Over the last 20 years London has become more and more a diverse and multicultural society, “London, England, United Kingdom, population 7,556,900 in 2007 claims to be one of the most ethnically diverse cities on earth, with over 300 languages spoken in it.”
http://en.wikipedia.org/wiki/Ethnic_groups_in_London. Also I would like a better understanding to the social and cultural aspects of the patients within that area and to further my own knowledge for future references in the healthcare sector. The term religion is “a set of beliefs concerning the cause, nature, and purpose of the universe, especially when considered as the creation of a supernatural agency or agencies, usually involving devotional and ritual observances, and often containing a moral code governing the conduct of human affairs.” http://en.wikipedia.org/wiki/Religion. In placement I came across many Muslim patients and therefore judged the majority of the population in Newham to be Muslims. “Newham has the fourth smallest proportion of Christians in England and Wales, 47 percent. Its second largest religious group is Muslim, with 24 per cent of the population.” http://www.newham.gov.uk/YourCouncil/CensusInformation/NewhamintheCensus-aSynopsis.htm. By using sociological and psychological perspectives I will try to analyze the affect religion has on the health of people from different religions and cultures in Newham.

Religion can create many communities by sharing the same faiths, beliefs and values; however community has numerous associations depending on how it is used and in what context. Community plays a huge role in people’s lives; it constructs a sense of belonging and identity. The Oxford English Dictionary has various definitions for community such as “a group of people living together in one place.” “The people of an area or country considered collectively; society.” “A group of people with a common religion, race, or profession: the scientific community.” “The holding of certain attitudes and interests in common.” “A group of interdependent plants or animals growing or living together or occupying a specified habitat. http://www.askoxford.com/concise_oed/community?view=uk.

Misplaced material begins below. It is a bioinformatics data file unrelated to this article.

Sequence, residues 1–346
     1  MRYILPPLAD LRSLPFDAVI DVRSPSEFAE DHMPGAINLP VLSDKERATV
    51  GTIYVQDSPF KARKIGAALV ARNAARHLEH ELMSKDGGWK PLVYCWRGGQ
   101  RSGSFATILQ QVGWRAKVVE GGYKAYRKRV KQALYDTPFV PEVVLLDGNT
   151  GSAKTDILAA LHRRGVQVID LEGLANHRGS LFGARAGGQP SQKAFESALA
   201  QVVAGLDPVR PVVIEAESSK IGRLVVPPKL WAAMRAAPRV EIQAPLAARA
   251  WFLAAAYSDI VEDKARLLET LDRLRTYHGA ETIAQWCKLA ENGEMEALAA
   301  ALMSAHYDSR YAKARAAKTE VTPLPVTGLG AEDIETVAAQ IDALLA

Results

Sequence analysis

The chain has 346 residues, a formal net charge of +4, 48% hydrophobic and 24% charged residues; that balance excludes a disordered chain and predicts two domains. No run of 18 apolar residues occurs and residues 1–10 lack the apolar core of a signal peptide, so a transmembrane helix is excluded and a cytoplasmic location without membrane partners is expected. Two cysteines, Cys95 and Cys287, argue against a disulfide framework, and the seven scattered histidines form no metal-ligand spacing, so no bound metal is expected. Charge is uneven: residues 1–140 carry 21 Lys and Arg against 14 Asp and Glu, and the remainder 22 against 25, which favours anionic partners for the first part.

The three I have found to be useful in relation to my essay are “a group of people living together in one place.” I feel this is the most basic definition as there could be no community without people occupying it. Also “the people of an area or country considered collectively; society” and “a group of people with a common religion, race, or profession: the scientific community.” From what I have experienced in my locality I feel these definitions are most relevant as they build an awareness of the different religious communities in Newham.

From a psychological point of view (Azarya 1985) sees community “in terms of social relationships or sentiment.” I feel in this case, community can be focussed towards the relationship a person has with their superior being in whuch their religion divulges from which is both personal and sentimental to them, therefore it contributes to the social relationships in a community.

A sociological definition of community is “traditionally a “community” has been defined as a group of interacting people living in a common location. The word is often used to refer to a group that is organized around common values and is attributed with social cohesion within a shared geographical location, generally in social units larger than a household.” http://en.wikipedia.org/wiki/Community.

I have chosen to follow the sociological perspective of community to help my understanding as I feel that society has a big impact on religion; coincided with the psychology behind decisions due to religion. Although I feel that the sociological aspect of community is more identifiable in today’s multicultural society, “in sociology, the concept of community has led to significant debate, and sociologists are yet to reach agreement on a definition of the term. There were ninety-four discrete definitions of the term by the mid-1950s.” http://en.wikipedia.org/wiki/Community.